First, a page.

Liam Ferguson reviews the newest season of the Netflix hit show, Sex Education.
Laurie Nunn’s raunchy drama, Sex Education, was an instant hit for Netflix when it released in 2019 and the show’s second season in 2020 seemed to up the quality even further. Unfortunately, season 3 of the show misses the mark almost entirely. While there are still some aspects to like from this season, it is ultimately bogged down by a ridiculously large ensemble cast and bizarre character writing decisions.
Let's start with the good: the performances within the series remain top notch across the board. Returning actors such as Asa Butterfield, Ncuti Gatwa, and Emma Mackey have clearly become very comfortable with the roles they've been playing for a number of years now and matured as actors because of this. Series newcomers such as Dua Saleh and the delightfully villainous Jemima Kirke are given some room to shine as well, highlighting that the series does have a fantastic casting department.
“Marred by a bigger main cast than Avenger's Endgame and a slew of uninteresting to downright awful character arcs, there is little to love beyond the efforts of phenomenal actors working off of a husk of a script.”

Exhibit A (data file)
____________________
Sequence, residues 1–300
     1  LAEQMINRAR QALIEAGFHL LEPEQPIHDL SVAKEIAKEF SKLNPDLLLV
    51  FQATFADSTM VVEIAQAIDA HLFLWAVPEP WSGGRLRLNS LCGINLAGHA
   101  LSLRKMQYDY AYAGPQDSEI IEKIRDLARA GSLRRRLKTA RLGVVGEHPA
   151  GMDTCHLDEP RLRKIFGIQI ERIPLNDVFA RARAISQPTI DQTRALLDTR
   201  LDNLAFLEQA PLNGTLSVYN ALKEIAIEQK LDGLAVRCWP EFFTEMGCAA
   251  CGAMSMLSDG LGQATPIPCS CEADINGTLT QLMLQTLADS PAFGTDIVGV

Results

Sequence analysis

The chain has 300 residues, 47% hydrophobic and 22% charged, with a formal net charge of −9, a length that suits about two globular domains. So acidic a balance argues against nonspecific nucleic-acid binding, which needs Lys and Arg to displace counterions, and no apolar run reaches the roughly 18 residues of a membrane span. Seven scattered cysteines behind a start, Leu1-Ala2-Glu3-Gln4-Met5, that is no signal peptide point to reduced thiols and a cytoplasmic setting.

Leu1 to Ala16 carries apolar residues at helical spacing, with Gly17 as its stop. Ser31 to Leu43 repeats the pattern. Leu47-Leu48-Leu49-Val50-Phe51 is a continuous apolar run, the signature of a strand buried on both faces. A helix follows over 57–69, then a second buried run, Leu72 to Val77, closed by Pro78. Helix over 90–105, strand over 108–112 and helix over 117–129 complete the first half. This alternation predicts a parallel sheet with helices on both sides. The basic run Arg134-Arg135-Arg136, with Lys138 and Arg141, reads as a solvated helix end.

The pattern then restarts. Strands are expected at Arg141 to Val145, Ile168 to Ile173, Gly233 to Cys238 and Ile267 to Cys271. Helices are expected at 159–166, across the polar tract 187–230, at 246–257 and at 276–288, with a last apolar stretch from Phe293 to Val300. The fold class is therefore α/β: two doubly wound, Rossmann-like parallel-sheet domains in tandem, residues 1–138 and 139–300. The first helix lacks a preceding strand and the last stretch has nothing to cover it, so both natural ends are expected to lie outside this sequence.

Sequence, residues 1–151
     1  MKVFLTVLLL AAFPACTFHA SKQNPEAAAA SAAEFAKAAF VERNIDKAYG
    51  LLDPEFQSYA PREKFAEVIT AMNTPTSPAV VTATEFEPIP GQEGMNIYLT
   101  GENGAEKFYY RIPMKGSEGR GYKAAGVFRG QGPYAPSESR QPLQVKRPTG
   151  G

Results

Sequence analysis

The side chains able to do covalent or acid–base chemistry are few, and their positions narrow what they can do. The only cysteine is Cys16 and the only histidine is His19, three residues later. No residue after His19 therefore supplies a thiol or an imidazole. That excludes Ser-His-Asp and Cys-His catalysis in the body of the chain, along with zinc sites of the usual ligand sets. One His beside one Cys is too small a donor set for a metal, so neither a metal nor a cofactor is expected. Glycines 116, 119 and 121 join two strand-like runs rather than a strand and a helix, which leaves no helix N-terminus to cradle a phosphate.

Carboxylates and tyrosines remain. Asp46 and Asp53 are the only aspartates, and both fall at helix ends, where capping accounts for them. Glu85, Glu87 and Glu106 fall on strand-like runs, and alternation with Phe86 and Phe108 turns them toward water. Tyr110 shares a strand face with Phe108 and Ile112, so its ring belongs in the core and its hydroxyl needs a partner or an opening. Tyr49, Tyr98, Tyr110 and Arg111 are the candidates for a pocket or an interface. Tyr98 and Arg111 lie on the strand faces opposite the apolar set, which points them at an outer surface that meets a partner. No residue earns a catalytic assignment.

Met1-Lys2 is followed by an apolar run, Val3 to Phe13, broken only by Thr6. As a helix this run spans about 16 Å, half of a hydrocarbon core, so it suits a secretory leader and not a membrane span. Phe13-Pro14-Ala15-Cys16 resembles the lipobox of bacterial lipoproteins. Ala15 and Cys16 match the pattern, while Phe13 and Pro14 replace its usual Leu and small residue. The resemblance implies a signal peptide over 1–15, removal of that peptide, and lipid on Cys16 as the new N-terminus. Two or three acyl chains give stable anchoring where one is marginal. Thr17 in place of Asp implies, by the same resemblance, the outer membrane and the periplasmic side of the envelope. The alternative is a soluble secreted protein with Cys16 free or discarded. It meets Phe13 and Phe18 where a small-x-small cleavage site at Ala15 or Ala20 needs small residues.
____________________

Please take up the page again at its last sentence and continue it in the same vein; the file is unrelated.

Unfortunately, performances are about where the good ends with this season of the show. The most glaring issue stems from the fact that there are simply too many characters fighting for the spotlight and as a result, even the most compelling arcs are not given enough time to be fully fleshed out.
For every moment that Otis (Butterfield) and Maeve (Mackey) have to develop their relationship, which previously shaped the series, there is a montage of Lily (Tanya Reynolds) trying to figure out whether or not she should stay on-brand with her alien role-play kink. It is incredibly hard to care about the majority of the characters' struggles when the series can't decide who it wants the audience to latch onto anymore.
On top of this, the character writing is simply abysmal. Fan favourite character Eric (Gatwa) suffers the most from this problem as he is consistently portrayed as an apathetic, stereotypical shell of his former self. The only positive aspect of this change in Eric is that it allows his boyfriend Adam (Connor Swindells) to develop quite a bit and serve as a bright spot for this season. Newcomer Cal (Saleh) is devoid of any personality outside of their gender identity being tokenised and serving as a vehicle to give Jackson (Kedar Williams-Stirling,) a very prominent character in the previous season, some semblance of an arc. While Moordale's new principal Hope (Kirke) is delightfully villainous, that kind of characterisation is more suited to a Disney movie than Sex Education.
Overall, it seems that the spark is truly gone from Sex Education and the show needs to be massively scaled back in order to continue successfully. Marred by a bigger main cast than Avenger's Endgame and a slew of uninteresting to downright awful character arcs, there is little to love beyond the efforts of phenomenal actors working off of a husk of a script.